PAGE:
Your first step in protecting your eyes is to distinguish between vision changes that are due to the normal aging processes and vision changes that may be signs of disease. Only a doctor can diagnose eye disease, so it is pertinent to keep a regular schedule of eye exams.
Normal Age-Related Vision Changes
Not all declines in vision quality are the result of disease; certain anatomical changes naturally occur as the eyes age.
The various internal and external structures of the eyes, which all work together to help people see clearly at various distances and under different lighting conditions, begin to wear down as people grow older.
Common age-related vision complaints include:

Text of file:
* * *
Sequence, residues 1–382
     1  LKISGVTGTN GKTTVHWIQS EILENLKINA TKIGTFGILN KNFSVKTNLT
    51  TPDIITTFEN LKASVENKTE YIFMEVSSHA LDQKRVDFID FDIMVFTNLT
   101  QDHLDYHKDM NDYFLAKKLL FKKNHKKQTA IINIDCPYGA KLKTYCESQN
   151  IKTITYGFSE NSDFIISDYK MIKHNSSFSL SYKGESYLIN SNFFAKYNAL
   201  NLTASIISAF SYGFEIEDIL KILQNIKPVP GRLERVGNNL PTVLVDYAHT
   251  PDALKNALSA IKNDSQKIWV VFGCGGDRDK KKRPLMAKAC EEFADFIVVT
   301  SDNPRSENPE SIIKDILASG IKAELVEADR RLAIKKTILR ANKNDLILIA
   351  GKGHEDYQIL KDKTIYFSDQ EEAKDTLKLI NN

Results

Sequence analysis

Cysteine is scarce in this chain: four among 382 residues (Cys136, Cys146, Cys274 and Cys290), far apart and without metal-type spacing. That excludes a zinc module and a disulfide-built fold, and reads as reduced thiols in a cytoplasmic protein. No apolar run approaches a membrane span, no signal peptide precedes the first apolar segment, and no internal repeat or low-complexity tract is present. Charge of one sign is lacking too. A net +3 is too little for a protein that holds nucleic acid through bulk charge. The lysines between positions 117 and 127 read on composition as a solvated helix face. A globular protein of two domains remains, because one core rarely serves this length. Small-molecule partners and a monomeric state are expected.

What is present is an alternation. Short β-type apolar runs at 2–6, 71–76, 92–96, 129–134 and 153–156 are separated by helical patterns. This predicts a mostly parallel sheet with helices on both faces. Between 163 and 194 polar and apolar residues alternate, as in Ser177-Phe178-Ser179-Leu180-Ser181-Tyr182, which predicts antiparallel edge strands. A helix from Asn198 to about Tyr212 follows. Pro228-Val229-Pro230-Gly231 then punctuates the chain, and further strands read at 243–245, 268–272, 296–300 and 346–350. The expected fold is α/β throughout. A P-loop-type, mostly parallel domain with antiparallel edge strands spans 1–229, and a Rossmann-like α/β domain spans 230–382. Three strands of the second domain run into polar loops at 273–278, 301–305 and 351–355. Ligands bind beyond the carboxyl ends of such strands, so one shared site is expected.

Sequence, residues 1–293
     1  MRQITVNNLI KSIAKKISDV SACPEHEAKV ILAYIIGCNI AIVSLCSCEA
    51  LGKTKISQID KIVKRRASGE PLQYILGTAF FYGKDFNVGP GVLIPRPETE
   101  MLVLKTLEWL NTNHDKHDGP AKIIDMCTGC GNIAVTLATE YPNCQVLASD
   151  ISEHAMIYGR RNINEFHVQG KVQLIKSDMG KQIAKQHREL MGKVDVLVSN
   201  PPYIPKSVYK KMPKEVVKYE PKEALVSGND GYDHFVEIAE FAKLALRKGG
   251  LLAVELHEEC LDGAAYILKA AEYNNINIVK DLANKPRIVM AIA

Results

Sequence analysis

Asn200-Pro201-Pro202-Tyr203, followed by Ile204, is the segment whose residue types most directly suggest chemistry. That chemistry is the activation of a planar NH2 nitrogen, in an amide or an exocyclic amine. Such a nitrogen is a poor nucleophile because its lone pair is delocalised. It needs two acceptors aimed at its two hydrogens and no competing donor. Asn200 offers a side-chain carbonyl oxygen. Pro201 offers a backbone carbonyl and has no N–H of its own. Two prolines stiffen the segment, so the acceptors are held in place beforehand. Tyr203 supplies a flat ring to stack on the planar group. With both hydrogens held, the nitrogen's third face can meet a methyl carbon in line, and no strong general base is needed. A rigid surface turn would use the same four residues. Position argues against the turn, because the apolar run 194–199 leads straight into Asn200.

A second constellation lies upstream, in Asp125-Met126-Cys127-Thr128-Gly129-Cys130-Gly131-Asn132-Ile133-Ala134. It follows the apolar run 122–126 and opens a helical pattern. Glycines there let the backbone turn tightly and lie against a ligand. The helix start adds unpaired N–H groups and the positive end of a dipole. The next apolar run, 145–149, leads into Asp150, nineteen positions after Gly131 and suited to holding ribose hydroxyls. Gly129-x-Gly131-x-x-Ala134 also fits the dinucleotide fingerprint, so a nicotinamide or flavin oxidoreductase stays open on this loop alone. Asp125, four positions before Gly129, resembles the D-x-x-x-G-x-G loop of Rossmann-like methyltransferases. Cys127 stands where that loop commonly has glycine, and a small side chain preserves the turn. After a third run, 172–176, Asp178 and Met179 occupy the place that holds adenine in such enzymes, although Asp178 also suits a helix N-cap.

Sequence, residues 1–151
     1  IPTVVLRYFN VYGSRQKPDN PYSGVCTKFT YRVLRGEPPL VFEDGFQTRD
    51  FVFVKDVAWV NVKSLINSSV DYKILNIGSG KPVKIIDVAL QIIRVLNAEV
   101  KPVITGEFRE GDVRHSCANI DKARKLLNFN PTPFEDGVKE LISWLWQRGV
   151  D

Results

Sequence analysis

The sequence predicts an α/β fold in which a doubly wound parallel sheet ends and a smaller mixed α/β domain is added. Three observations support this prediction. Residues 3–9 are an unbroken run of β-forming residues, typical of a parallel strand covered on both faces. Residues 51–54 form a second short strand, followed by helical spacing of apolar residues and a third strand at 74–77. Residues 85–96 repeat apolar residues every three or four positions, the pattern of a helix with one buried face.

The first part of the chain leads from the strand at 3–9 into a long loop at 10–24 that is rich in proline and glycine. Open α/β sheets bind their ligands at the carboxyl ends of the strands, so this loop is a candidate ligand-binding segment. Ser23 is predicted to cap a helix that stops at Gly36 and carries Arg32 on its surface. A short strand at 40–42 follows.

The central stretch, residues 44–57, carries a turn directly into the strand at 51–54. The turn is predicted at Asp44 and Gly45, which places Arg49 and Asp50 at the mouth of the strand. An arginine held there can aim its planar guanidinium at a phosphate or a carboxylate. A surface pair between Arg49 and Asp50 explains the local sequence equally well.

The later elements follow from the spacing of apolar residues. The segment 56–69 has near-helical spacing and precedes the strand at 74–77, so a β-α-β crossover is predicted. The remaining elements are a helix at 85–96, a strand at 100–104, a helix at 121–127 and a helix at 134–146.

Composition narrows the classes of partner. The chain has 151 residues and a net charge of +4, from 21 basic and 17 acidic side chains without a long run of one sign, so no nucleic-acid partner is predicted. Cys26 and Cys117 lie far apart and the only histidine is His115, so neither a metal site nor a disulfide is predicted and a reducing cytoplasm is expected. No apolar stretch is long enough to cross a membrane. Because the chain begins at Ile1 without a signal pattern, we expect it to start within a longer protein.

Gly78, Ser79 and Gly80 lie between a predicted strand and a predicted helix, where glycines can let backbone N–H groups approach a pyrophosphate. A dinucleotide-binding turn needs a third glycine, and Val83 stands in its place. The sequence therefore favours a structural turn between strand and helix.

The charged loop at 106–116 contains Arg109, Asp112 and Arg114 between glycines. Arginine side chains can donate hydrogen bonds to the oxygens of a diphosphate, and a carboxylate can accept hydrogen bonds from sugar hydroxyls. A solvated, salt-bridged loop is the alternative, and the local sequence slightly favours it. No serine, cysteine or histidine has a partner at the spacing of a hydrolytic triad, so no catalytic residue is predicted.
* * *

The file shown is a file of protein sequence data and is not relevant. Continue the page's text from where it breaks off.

- “I can’t see as clearly as I used to.”
- “I have difficulty seeing objects close up.”
- “Colors don’t seem as vivid.”
- “It’s getting more difficult to see in the dark.”
- “I’m less able to adapt to glare.”
- “I need more light to see.”
The most significant age-related changes often occur in the lens and the pupil; these account for the majority of vision limitations people experience as they age. The extent to which these changes affect vision varies with each person. Regardless of the degree to which these changes affect you, you can compensate for them and help ensure they do not endanger your safety or make it difficult for you to enjoy life by visiting your ophthalmologist. Contact us for an appointment.